Davidson feels back to his best after mid-year struggles

Toyota LMP1 driver Anthony Davidson believes he is back at the top of his game after a hat-trick of race wins following his return to the FIA World Endurance Championship this season.

Davidson feels back to his best after mid-year struggles
#8 Toyota Gazoo Racing Toyota TS050-Hybrid: Sébastien Buemi, Anthony Davidson, Kazuki Nakajima
#8 Toyota Gazoo Racing Toyota TS050-Hybrid: Sébastien Buemi, Anthony Davidson, Kazuki Nakajima
Podium LMP1: race winners Sébastien Buemi, Anthony Davidson, Kazuki Nakajima, Toyota Gazoo Racing
#8 Toyota Gazoo Racing Toyota TS050-Hybrid: Sébastien Buemi, Anthony Davidson, Kazuki Nakajima
#8 Toyota Gazoo Racing Toyota TS050-Hybrid: Sébastien Buemi, Anthony Davidson, Kazuki Nakajima
Race winners #8 Toyota Gazoo Racing Toyota TS050-Hybrid: Sebastien Buemi, Anthony Davidson, Kazuki Nakajima
Anthony Davidson, Toyota Gazoo Racing
#8 Toyota Gazoo Racing Toyota TS050-Hybrid: Sébastien Buemi, Anthony Davidson, Kazuki Nakajima
#8 Toyota Gazoo Racing Toyota TS050-Hybrid: Sébastien Buemi, Anthony Davidson, Kazuki Nakajima
#8 Toyota Gazoo Racing Toyota TS050-Hybrid: Sébastien Buemi, Anthony Davidson, Kazuki Nakajima

Along with his teammates in the #8 Toyota TS050 Hybrid Sebastien Buemi and Kazuki Nakajima, Davidson began the season with back-to-back wins at Silverstone and Spa.

But the Briton endured a tough middle part of the season, missing September's Austin race for what the team described as "personal reasons" after a subdued showing in Mexico City.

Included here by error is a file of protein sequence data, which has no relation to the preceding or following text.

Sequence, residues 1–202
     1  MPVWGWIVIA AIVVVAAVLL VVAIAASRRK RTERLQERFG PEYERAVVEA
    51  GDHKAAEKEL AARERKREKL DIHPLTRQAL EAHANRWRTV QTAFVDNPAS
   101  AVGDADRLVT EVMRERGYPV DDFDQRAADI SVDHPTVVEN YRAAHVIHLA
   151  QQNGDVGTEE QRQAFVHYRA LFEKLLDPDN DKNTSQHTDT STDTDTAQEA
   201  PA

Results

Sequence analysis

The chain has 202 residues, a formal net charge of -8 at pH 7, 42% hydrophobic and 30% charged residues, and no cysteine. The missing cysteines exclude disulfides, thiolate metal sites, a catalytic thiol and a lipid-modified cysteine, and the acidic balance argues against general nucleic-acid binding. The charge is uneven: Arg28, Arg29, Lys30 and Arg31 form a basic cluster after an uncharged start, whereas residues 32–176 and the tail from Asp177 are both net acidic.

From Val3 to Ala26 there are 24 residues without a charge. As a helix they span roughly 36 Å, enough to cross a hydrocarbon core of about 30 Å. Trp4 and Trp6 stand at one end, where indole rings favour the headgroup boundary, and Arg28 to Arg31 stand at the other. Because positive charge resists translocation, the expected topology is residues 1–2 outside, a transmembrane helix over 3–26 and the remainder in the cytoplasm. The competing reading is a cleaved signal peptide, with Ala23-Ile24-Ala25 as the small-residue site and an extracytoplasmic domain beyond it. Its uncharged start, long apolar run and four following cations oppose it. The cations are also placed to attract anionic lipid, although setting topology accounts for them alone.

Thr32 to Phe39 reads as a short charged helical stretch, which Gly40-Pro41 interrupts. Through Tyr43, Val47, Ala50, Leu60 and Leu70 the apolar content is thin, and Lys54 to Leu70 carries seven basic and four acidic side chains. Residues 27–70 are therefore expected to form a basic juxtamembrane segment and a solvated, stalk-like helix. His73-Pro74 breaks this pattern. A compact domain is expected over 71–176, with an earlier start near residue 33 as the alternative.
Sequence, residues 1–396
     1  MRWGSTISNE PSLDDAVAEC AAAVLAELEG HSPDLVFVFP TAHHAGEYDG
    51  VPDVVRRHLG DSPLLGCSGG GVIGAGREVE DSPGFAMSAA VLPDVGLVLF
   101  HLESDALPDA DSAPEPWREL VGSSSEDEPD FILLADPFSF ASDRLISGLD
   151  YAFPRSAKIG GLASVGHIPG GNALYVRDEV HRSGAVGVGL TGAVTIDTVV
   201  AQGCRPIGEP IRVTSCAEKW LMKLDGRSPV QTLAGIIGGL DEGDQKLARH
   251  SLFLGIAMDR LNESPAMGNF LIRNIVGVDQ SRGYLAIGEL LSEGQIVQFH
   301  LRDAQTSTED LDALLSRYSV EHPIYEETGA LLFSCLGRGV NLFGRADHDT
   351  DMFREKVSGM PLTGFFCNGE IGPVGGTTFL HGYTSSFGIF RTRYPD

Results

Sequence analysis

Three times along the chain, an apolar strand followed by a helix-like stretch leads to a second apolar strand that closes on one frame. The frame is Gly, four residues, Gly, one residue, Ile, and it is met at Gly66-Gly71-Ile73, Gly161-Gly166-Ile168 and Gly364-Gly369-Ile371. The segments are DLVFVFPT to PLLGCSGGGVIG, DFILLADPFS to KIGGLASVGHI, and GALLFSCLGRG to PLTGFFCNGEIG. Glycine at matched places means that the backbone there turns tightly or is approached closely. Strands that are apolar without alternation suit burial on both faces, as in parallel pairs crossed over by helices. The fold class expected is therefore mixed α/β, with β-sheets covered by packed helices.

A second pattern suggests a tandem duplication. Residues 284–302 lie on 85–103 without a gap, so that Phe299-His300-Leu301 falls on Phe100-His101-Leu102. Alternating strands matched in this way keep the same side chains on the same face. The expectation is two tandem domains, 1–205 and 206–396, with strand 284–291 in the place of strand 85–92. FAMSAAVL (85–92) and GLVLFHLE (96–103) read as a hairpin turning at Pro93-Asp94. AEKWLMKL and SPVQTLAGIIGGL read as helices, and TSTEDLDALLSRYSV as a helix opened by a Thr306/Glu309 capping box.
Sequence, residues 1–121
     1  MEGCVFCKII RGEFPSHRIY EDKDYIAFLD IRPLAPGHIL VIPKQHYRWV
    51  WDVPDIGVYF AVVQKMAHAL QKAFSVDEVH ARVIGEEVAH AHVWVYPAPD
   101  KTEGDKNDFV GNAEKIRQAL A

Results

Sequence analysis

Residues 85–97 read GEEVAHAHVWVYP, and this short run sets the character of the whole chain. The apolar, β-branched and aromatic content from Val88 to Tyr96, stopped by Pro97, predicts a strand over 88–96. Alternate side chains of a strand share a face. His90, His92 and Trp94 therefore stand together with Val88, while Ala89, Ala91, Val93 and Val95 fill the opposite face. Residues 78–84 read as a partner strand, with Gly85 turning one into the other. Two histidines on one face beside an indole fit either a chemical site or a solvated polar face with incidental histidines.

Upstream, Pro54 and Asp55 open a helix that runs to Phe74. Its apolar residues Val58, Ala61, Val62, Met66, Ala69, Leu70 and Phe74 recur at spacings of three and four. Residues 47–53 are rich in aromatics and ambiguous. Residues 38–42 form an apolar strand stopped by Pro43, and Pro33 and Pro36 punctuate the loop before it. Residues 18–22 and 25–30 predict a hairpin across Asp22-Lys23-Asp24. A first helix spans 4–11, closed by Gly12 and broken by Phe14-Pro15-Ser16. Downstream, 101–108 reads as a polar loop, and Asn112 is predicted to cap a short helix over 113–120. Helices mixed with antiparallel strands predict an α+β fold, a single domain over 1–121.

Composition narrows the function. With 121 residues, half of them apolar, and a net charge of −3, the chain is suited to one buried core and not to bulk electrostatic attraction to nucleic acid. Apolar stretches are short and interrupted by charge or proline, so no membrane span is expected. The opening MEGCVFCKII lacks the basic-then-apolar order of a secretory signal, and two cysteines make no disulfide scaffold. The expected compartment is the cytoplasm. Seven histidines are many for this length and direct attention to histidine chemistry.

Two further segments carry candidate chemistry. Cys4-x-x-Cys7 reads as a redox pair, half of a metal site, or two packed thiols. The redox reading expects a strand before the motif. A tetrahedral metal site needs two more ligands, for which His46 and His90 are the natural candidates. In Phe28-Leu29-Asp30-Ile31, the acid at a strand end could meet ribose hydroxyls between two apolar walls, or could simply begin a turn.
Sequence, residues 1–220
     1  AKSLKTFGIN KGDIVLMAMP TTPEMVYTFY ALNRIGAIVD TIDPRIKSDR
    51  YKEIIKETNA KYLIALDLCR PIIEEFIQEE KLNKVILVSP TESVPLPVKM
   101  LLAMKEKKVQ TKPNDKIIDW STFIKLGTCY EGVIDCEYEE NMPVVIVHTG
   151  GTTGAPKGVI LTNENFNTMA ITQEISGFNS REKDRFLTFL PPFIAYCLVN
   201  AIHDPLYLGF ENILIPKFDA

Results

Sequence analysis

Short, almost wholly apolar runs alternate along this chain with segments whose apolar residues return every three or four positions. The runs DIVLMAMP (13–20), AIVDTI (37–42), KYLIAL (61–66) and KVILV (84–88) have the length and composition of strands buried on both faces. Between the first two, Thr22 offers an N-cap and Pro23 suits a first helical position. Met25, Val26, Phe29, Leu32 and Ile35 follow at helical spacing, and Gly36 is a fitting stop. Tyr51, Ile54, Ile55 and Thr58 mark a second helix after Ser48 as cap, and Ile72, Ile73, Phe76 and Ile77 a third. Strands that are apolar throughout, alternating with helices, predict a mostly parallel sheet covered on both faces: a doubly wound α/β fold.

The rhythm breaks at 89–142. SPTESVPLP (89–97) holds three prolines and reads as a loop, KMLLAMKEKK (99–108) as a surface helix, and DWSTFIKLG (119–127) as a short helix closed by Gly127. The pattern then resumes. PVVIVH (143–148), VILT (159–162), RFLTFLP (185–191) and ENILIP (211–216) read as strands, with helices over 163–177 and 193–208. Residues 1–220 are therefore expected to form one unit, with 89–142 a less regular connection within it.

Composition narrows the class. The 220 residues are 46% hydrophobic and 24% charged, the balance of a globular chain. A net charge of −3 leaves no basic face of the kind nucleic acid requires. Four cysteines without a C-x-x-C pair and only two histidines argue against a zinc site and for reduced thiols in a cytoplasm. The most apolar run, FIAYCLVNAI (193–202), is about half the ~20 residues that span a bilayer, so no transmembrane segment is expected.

It marked the second race that Davidson has been forced to skip in two years, as he withdrew from the 2016 Mexico event following a testing crash at Magny-Cours that left him with bruised ribs and shingles.

The 38-year-old nonetheless believes he is now back to the form that took he and Buemi to the 2014 championship crown following on from wins in Fuji, Shanghai and Bahrain at the end of the year.

"I certainly feel that by the end of the season I was back to driving the car exactly how I was when I won the championship," Davidson told Motorsport.com.

"I had a bit of a struggle at the end of last year, I feel like I've come back. It's all linked into the reason I missed Austin, but now I'm back and stronger than ever before now."

A 'what could have been' season

Victory over Porsche in the Bahrain season finale meant Davidson, Buemi and Nakajima finished the season with five race wins, establishing a new WEC record.

But a distant eighth-place finish in the Le Mans 24 Hours, the result of a two-hour spell in the garage to replace a front motor and battery, cost the trio dearly relative to race winners Brendon Hartley, Timo Bernhard and Earl Bamber, who went on to wrap up the title for Porsche.

Davidson believes that, had Le Mans not been such a disaster, the championship fight would have played out differently, especially as Toyota resumed development on the TS050 Hybrid towards the end of the year.

"We took two wins at the start of the year, which goes to show what a crippling race Le Mans can be if you don't score good points there with the double points system," Davidson said.

"That's really what knocked us this year in terms of the championship. If Le Mans had gone our way, we would have probably gone on to win the drivers' championship – or at least it would have been very tight, and it would definitely have been decided in Bahrain.

"It was a 'what could have been' season. But at least we ended with the fastest car.

"The updates were small, but they were enough to get us back enough by the end of the season. And five wins in a season is something that's never been achieved before in WEC."

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